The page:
Monday, April 23, 2012

Madison Park Waterfront Mansions

Schultz, Reed, Diamond, Alvord et al.
The 23 story Washington Park Tower is our landmark. The building has 53 condominiums and was built in 1969. This is the highest residential building on Lake Washington. It is very unlikely any more lake-front buildings close to this height will be built in the future because of zoning regulations. The residents enjoy incredible views. The three upper floors have two 2,200 sq ft, two bedroom units on each floor. The estimated value of each of these units is $2.2 million.
This mansion was featured in a Seattle Mansions 4/19/10 post. The listing price was $12.8 million. The home was purchased by Frederick Beau Gould and Julie Pigott Gould. Frederick is a Seattle attorney. Julie is active in numerous local charities with other members of the Pigott families. The former owners, Jack and Carol Briggs, were also active in charities and the home was featured as a wonderful site for many fund raisers. The home has a pool, two kitchens and three fireplaces. From the Ewing & Clark listing: “The home is wonderful for entertaining inside and outside. Inside there are large entertainment rooms with French craftsmen detailing. The outside features the pool, beautiful, well-maintained landscaping, sculptures and fountains.” The mansion has 7,470 sq ft of living space on 0.7 acres with 135 feet of waterfront.
This is the mansion of Howard D. and Sheri Schultz. Howard, his $21.7 million 2010 pay-package and the mansion were featured in a 11/3/11 Seattle Mansions post. Howard is the Founder, Chairman, President and CEO of Starbucks. The first Starbucks roasted and sold coffee beans and opened its first store in 1971. In 1985 Howard founded a new coffee and espresso company which, in 1987, acquired the original Starbucks’ assets and its name. Starbucks now has more than 15,000 stores throughout the world with $10 billion in annual sales. Howard was the lead investor of a group that purchased the Seattle SuperSonics of the NBA from Barry Ackerley in 2001 (4/15/12 Seattle Mansions post). Howard’s group sold the team to Oklahoma City in 2008. The mansion and the one in the previous paragraph are in an exclusive gated community of nine homes that are on the property of the Reed Estate. (More information on the Reed Estate and Gary Reed is in the next paragraph.) Howard drives through the Estate’s gate and then another gate to his property. His mansion and property, with 16,880 sq ft on 1.8 acres with 248 ft of waterfront, are the largest in the Estate's community.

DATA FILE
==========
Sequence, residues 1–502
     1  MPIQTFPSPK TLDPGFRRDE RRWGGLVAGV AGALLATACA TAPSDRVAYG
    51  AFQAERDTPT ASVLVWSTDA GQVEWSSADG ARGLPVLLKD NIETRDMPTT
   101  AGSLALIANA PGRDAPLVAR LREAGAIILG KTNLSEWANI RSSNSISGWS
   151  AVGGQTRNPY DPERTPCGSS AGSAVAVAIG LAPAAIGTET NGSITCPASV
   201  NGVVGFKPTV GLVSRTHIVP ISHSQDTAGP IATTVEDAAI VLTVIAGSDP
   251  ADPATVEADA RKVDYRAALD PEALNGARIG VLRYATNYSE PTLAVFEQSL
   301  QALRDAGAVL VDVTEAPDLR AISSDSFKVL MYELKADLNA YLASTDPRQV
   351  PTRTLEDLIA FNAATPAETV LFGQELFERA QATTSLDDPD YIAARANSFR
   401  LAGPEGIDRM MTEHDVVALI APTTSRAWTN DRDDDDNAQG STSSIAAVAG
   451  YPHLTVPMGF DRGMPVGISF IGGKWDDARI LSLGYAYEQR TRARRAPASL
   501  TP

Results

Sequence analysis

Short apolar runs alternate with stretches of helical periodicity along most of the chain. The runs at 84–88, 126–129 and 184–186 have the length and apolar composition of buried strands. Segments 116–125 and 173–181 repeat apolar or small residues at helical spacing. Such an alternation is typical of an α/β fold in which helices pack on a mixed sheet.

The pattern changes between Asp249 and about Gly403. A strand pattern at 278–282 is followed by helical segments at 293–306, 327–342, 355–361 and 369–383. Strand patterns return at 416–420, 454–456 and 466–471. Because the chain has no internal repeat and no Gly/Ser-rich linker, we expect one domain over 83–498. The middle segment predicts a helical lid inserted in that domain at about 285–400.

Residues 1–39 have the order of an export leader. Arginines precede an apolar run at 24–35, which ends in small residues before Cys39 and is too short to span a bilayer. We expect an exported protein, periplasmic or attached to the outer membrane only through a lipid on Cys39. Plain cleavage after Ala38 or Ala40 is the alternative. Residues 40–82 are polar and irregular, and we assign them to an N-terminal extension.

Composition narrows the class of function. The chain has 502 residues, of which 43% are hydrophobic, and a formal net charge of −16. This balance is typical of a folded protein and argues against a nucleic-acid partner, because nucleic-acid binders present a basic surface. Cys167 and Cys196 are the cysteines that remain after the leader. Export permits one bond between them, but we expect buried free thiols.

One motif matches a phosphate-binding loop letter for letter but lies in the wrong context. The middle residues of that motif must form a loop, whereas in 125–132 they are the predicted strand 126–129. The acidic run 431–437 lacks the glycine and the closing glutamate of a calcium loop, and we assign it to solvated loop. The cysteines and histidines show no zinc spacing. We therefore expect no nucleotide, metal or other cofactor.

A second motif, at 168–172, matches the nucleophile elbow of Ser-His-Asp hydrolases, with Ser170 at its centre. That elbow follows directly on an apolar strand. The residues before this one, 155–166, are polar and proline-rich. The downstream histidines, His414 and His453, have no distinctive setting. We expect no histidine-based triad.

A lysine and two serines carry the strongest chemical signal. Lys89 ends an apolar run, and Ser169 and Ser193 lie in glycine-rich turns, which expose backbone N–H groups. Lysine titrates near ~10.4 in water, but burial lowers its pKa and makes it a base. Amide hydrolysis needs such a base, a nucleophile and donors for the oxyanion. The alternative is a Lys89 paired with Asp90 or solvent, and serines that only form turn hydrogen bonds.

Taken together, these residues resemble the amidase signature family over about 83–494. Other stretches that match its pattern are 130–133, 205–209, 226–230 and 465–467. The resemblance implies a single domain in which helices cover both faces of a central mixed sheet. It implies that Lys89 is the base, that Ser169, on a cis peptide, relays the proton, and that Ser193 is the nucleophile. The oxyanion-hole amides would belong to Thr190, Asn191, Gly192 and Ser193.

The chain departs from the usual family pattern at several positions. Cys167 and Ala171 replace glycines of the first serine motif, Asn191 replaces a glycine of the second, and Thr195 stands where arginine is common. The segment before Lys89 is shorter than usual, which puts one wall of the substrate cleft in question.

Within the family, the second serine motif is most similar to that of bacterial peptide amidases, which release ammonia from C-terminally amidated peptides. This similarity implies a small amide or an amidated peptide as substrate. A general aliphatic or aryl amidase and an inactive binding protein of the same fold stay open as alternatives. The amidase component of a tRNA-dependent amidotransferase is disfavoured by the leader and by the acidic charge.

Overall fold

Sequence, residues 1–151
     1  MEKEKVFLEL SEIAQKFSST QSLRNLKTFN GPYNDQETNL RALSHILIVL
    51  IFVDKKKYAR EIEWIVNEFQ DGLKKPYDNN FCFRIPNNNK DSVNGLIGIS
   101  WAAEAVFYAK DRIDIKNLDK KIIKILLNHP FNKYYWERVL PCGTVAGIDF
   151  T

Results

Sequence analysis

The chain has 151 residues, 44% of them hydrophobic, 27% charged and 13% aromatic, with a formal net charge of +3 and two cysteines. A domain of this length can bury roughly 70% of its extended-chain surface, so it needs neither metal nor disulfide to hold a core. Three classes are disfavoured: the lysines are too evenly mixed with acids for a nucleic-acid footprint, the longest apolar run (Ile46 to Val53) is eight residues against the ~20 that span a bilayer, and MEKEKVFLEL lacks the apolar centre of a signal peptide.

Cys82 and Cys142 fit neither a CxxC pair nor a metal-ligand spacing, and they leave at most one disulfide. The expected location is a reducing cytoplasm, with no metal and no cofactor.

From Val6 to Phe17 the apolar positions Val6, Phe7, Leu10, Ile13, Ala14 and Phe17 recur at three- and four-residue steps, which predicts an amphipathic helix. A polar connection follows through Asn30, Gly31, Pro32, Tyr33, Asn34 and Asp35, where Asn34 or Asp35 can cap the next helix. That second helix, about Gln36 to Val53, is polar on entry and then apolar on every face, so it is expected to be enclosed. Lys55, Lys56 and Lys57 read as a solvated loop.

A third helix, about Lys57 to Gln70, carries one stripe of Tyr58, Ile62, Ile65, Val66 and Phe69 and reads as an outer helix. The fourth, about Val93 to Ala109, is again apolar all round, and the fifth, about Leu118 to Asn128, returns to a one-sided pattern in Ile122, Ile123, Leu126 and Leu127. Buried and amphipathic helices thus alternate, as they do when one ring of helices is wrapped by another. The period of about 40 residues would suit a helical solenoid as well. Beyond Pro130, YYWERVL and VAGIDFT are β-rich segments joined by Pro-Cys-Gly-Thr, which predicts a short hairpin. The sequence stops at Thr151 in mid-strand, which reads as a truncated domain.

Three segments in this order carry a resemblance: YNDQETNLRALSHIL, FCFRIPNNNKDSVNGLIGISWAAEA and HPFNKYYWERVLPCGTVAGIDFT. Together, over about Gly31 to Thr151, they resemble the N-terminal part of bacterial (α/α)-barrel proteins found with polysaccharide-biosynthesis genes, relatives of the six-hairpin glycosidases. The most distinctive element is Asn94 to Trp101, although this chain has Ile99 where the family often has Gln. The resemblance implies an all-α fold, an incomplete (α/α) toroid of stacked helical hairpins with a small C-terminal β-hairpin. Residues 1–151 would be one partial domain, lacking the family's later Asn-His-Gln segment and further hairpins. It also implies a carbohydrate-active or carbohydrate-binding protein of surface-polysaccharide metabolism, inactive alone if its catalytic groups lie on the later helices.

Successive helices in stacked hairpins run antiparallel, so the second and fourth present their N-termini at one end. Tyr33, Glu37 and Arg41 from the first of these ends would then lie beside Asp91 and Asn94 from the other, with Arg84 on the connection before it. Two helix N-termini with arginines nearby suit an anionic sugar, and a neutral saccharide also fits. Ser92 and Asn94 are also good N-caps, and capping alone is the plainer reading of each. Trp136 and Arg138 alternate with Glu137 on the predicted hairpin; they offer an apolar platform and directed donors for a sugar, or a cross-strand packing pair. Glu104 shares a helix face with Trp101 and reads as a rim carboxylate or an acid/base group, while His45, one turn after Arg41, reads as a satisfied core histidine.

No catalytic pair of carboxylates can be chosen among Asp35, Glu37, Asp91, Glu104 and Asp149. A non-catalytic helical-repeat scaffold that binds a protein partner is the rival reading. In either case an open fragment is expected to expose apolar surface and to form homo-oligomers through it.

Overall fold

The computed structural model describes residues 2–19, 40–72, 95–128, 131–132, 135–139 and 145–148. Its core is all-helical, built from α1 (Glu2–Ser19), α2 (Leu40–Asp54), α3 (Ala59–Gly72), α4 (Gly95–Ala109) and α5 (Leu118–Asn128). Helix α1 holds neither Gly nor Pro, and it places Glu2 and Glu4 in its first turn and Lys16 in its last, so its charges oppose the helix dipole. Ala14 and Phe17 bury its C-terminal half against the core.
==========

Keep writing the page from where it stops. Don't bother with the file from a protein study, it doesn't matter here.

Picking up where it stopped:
William G. “Gary” Jr. and Victoria Reed moved from their Medina home (LW 130 Homes page 100) in 2009 to this mansion. The Reeds and their mansions were featured in two 10/1/10 Seattle Mansions posts. This first post features his former Medina mansion that he sold for $22 million and the second post features this mansion. The new mansion has 7,700 sq ft on 0.7 acres with 60 feet of waterfront. The 8 acre Reed Estate where Howard Schultz lives (see previous paragraph) is where Gary grew up. It was established in the early 1900s by his grandfather, Mark Edward Reed. It was that era’s version of the current Gates and Allen estates. It was subdivided in the 1940s into a private gated community of nine homes. The Seattle Times labeled Gary “the most powerful Seattle business leader you’ve likely never heard of.” He is or has been on the Boards of Microsoft, Paccar, Safeco, The Seattle Times Company and Washington Mutual. Mark Edward Reed who joined Simpson Logging in 1897 was named president after the company’s founder, Sol Simpson, died in 1906. The Reed family bought out the Simpson family and the company is now one of the largest private, family owned companies in the state. It is now Tacoma-based Simpson Investment Company. Gary served as Chairman from 1971 to 1996. Gary’s nephew, Colin Moseley, who lives in the neighboring Reed Estate, is now Chairman and the fourth generation of Reed/Moseley family management.